However, it might be worth noting that the captain’s face is also one of the more nuanced of the show. I see this in one of two ways. One the one hand the scandal revolving around his shocking flight and criminal neglect means he received much more media attention, thus we have a more detailed picture of the man. On the other hand it might be more detailed because the viewer might see themselves in that picture. The cowardice of Captain Lee becomes our own.

The Student

the student

The Student – 용기 (courage)

But while the country had many fingers to point, there were also people who sacrificed to help others. One of these heroes was Jung Cha-Woong. In contrast to the captain, Cha-Woong’s portrait is pixilated with intense colors. The green is the dark green of pines, potentially reflecting the spirit of undying courage. The memories of the boy are now vague as the stories of his bravery represent him to all but close friends and family.

I like that the word bravery was written in the vernacular script (hangeul) rather than in the borrowed Chinese characters (Hanja). This suggests that perhaps the deepest courage, the courage born not of duty but of caring for others, is honest and and never pretentiousness. 

The Others

There are plenty of other pieces to observe and reflect on, so go check out the exhibit yourself! If you don’t live nearby or the exhibit has expired, you can also find the artwork and artist statements in the brochure

After Death, a Tiger’s Skin Remains; a Man Leaves Only His Name 

The exhibit is up through April 21st, 2015 at

Gallery i 

서울시 종로구 낙원동 283-13


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Some Thoughts on ‘Reception’ by Maiko


I melted into the dream as if I had always been there. I knew where I had come from; I knew where I was going.
-Chelsie Shakespeare

Reception is a small, unassuming work. I might have missed it had the gallery director not pointed it out. This was before the titles had be put up mind you, and she asked me what I saw. 

Ah, well, it appears to be a wedding procession. Or children playing at it. But each child has a different gaze.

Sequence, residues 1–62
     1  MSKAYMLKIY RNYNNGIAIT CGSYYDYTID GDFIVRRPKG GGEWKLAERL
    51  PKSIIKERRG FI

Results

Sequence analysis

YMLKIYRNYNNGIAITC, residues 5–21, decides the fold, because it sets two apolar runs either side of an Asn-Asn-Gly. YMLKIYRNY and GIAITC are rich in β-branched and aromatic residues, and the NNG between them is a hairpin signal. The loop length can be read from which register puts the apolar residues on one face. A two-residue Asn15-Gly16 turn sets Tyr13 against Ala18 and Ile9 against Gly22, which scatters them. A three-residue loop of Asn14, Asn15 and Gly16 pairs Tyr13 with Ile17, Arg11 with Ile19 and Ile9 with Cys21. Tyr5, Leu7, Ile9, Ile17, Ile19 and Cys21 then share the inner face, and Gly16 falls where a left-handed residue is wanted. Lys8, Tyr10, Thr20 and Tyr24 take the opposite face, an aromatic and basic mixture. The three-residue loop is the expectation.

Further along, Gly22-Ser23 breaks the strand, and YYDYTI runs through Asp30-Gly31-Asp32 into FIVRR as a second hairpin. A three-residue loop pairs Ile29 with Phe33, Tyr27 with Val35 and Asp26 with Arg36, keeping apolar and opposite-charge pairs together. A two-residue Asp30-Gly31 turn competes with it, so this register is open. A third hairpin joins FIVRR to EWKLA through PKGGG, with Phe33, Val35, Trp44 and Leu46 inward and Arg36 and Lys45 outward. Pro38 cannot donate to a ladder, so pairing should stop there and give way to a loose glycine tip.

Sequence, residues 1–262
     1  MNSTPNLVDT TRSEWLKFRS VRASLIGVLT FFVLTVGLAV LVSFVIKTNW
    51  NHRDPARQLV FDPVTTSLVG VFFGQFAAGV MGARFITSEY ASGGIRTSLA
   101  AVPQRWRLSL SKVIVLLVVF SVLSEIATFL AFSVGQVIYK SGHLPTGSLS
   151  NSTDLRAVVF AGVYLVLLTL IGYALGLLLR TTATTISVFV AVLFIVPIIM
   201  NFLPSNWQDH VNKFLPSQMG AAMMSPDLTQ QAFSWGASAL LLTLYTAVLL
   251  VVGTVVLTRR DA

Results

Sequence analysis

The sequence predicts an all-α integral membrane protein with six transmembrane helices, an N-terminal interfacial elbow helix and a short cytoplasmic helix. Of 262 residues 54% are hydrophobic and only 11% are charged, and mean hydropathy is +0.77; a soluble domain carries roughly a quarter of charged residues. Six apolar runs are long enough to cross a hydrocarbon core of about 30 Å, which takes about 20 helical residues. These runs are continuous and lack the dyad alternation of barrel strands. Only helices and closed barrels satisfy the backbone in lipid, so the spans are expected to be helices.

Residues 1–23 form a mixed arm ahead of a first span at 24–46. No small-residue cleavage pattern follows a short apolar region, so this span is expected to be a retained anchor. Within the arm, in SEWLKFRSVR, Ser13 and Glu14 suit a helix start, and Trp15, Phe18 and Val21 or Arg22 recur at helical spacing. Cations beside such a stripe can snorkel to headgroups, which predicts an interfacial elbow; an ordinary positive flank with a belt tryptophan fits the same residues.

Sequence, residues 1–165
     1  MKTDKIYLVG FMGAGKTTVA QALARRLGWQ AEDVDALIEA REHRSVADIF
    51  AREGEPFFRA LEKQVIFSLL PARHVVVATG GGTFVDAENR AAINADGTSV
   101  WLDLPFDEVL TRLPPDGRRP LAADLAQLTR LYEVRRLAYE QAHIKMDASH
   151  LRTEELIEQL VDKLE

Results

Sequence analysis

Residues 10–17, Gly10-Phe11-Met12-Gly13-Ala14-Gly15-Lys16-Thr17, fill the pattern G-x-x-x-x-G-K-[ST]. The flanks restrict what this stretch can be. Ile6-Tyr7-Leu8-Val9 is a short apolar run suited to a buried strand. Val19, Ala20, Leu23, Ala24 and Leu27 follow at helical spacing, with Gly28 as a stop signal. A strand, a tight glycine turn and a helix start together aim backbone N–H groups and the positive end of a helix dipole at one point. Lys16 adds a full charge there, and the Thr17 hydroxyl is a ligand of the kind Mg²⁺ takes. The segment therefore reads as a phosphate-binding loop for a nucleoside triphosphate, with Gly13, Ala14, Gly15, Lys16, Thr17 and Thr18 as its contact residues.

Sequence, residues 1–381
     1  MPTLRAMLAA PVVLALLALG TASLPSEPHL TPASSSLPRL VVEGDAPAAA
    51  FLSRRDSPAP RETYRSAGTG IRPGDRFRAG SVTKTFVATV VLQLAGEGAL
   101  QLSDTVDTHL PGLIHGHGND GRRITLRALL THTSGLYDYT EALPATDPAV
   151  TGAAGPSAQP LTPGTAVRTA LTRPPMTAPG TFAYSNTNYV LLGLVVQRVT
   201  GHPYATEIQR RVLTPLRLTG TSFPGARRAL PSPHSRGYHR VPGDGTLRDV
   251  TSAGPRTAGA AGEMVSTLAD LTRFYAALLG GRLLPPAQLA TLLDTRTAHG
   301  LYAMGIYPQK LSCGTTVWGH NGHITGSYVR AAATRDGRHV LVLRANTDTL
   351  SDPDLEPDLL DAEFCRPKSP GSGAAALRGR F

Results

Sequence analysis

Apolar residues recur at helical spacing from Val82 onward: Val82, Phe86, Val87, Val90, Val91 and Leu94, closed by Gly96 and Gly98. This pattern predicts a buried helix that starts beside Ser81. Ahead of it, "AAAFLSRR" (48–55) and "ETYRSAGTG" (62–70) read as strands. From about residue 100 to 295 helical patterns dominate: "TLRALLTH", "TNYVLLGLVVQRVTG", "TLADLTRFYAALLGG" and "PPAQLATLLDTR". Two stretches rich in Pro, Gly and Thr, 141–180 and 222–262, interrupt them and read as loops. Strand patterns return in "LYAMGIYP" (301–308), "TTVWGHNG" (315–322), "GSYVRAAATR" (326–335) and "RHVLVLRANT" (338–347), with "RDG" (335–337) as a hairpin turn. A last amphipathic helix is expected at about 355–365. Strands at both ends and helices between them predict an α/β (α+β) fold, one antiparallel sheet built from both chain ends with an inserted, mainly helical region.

These gazes were what made the painting to me. 

But before going into details on the gazes, another oddity struck me. This procession wraps around – the bride holds her own dress as she marches forward. This struck me as a cyclical view of life. If not presenting a variation of reincarnation, where we forget our previous goes and must relearn our roles as children, then as us walking in the footsteps of those who came before us, doomed to reliving their mistakes. 


And this is where the gazes might become a narrative of sorts. The girl at the head of the procession looks forward, meloncholy writ large on her face. She is at the edge. Is she sad because the end is near, tired because of the long journey, or is she weary of the impending restart she knows is coming. Perhaps she is a mix of Cassandra and Sysiphus, doomed to see the repetition of life yet never be believed. While she appears to be leading the party, she knows that she is actually following them. 


Just behind her is a boy with purpose and goal in his eyes. He is looking forward to the reception and he intends to get everyone there. The white carnation is a sign of this passion. While he might be the bride-groom, I feel he is with Cassaandra. They both look forward, but also there is something special about the bride. I’ll get to that last. 


Taking up the rear of the procession is another couple. The girl looks down, perhaps burdened with the worries of the here and now. Each step occupies the entirety of the world to her. She is the polar opposite of Cassandra in the lead. Likewise, the boy taking the rear is the opposite of the boy in the lead. This boy is both a day-dreaming laggard and the visionary ahead of his time. His sites are not on the tedious road ahead but in the realm of fantasy and hopeful beginnings. The lilies he peers behind are a symbol of beginnings and rebirth. Are they a sign of hope, or a sign of forgetfulness?


The bride is dressed in blue. This has strong allusions to the Virgin Mary. She holds her own dress train and seems to be the the most understanding of the group. But most importantly, she is gazing at the viewer directly. It’s as if she is telling us that we too are marching in circles toward goals we will never achieve, but this is just the nature of things. 

The painting as a whole is both fanciful and world weary. Which of the wedding party are you?


Reception (34.5cm x 34.7cm)


Maiko, 2008

Cha, Eun-Young collection

2,000,000 won